Where’s my Jetpack?

 

On July 6th, just over 2 years since I started writing this blog, I got published. I’m going to be contributing pieces regularly to Mouth London. This first one is shorter than the usual fare that crops up here and may include a few themes I have touched upon before, but as it is the first piece somebody else has wanted, I think it’s earned a spot here. You can read it on the Mouth London site here.

‘Where’s my Jetpack?’

It is time to stop complaining and embrace the future. And by that I mean the present.

In the distant past of 1984, the Prophet James Cameron and his disciple and messenger Arnold Schwarzenegger predicted the end of the world. They would subsequently go on to predict the end of the world a couple more times just to make sure but you knew all this because you’ve already experienced it. It’s the middle of 2011 so whether it was the 1997, the 2004 or the 2011 prediction that got us, it got us. Computers became self-aware and the world was annihilated in a fiery ball of nuclear regret.

I know what you’re thinking, ‘Except it didn’t did it?’ Nor did a bunch of scientists get stationed on the moon and blown off into space by accident in 1999. We didn’t send anyone to Jupiter on mining missions in 2001 and as far as we’re aware no giant asteroids, necessitating the immediate attention of Bruce Willis and a ragtag bunch of misfits, have been spotted yet. They never really specified the date but the creators of the Jetsons were probably imaging that all the moving walkways, robot maids and flying cars they were dreaming up would be passé in the far off future of 2011. And yet here we sit like idiots with absolutely no cut-price jetpacks of which to speak. What have we been wasting our time on all these years?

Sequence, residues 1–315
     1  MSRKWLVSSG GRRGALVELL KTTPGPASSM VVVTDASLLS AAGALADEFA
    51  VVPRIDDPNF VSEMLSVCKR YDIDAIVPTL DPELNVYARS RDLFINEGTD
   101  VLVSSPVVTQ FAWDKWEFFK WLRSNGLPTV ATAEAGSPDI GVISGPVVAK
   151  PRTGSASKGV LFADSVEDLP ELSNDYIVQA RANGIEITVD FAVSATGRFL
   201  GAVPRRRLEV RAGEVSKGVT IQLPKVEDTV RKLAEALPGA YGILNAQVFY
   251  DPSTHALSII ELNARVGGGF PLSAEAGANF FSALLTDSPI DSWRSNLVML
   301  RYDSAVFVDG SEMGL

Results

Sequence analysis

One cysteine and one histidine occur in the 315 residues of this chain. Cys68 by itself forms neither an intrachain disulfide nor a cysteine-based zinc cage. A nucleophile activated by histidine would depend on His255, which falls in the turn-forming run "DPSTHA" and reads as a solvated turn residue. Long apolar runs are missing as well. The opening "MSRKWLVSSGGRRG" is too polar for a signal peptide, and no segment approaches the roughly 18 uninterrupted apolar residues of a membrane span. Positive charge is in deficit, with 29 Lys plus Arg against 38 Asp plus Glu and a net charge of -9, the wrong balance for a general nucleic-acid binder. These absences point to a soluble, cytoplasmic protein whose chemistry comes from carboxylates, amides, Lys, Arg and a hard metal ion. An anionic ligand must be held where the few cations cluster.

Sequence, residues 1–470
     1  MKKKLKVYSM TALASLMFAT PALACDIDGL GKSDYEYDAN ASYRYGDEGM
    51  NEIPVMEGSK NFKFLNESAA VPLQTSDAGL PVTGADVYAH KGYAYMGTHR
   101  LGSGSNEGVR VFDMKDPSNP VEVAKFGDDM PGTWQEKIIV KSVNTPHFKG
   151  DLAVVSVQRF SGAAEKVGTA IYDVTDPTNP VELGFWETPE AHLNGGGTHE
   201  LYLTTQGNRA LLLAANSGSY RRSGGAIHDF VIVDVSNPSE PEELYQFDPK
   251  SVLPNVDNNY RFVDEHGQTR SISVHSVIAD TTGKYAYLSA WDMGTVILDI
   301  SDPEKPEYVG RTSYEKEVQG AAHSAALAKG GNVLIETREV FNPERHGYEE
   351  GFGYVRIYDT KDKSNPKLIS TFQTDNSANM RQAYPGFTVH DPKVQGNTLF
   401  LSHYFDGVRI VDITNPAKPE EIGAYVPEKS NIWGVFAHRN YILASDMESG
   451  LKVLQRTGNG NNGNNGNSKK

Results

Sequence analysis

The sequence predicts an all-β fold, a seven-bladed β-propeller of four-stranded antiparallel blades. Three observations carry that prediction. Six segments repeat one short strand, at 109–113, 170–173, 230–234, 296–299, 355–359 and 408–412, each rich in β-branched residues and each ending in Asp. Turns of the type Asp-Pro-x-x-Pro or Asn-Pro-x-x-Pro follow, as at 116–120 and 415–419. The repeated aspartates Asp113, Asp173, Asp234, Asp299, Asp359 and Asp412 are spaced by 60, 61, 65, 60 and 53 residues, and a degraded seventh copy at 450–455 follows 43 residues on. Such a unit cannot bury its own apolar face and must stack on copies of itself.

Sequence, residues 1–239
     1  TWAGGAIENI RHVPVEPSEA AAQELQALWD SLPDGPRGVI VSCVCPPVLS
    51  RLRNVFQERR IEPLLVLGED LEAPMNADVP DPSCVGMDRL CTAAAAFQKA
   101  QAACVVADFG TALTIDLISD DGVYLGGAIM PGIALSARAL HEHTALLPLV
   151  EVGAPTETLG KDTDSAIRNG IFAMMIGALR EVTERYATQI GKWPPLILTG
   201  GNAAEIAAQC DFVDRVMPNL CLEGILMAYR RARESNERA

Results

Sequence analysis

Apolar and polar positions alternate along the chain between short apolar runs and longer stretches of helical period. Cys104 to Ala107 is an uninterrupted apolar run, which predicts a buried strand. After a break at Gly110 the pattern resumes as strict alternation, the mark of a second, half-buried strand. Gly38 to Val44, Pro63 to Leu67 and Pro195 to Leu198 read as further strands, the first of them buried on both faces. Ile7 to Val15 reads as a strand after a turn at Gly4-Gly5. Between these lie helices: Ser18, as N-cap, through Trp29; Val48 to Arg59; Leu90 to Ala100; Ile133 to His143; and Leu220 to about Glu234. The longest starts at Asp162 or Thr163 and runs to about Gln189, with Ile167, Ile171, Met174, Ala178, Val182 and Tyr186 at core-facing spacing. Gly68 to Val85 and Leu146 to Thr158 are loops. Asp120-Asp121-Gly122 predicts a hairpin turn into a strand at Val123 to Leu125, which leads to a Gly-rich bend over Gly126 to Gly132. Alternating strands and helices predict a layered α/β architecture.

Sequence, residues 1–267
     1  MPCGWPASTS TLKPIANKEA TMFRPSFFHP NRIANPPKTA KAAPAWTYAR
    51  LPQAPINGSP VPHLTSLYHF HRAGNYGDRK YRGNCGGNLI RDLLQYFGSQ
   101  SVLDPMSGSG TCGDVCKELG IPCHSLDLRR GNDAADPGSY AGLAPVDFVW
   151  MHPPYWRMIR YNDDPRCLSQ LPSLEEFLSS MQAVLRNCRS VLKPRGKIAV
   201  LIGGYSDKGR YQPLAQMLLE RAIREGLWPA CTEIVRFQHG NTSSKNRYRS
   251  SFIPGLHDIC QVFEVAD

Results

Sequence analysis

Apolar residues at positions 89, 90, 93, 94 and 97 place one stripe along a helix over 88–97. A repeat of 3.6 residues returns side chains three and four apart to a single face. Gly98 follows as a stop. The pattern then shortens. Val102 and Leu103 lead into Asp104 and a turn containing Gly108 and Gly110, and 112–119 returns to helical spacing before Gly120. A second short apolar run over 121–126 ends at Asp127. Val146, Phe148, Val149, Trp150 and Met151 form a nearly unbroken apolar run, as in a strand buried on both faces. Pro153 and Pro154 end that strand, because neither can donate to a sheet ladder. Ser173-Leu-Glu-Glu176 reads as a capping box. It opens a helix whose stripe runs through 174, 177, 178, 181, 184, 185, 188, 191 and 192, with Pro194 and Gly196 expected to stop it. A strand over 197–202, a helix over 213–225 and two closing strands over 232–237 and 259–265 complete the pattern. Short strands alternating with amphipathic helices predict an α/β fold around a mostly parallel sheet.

Oh sure, we have moving walkways but they’re only in airports and we may have made the first few steps towards robotic butlers but only those little rounds things and they can’t even make cups of tea or snarky one-liners. Also if you own one it’s still sort of weird. We even have fingerprint scanners, the very pinnacle of shady security-laden facilities in old movies but they do not impress us. We won’t accept we live in the future until we have the affordable method of instant teleportation we know we deserve.

But here’s the thing: We do live in the future. The future we anticipated anyhow. You probably have a Star Trek communicator in your pocket. You probably have at least two ways to make a video call right now. The military has robots that think for themselves and shoot on their own volition. Come to think of it, maybe James Cameron had everything right except the dates. We exist in a world of marvels ripped straight from our early 90s imaginations but we don’t cotton on to this fact. We don’t consider it the miraculous thing it is. We’re too busy complaining about it.

Think about that the next time you moan that the world-spanning information uplink all citizens are plugged into is running a little slow. The internet was something barely conceivable to some of the craziest sci-fi writers of the past century and we have that now; information beamed into small rectangles in our pockets whenever we want it, no matter the topic. The internet is a sci-fi writer from the 1950’s wet dream which is fitting seeing as its chief function these days is to be a more efficient method of delivery for pornography.

For every time you think ‘Where’s my jetpack?’ answer yourself ‘Here is my HDTV’. Hover car? Internet. Robot house-maid? Smartphones. Teleportation? Actually teleportation would be really awesome. Why can’t we teleport? This future is rubbish…

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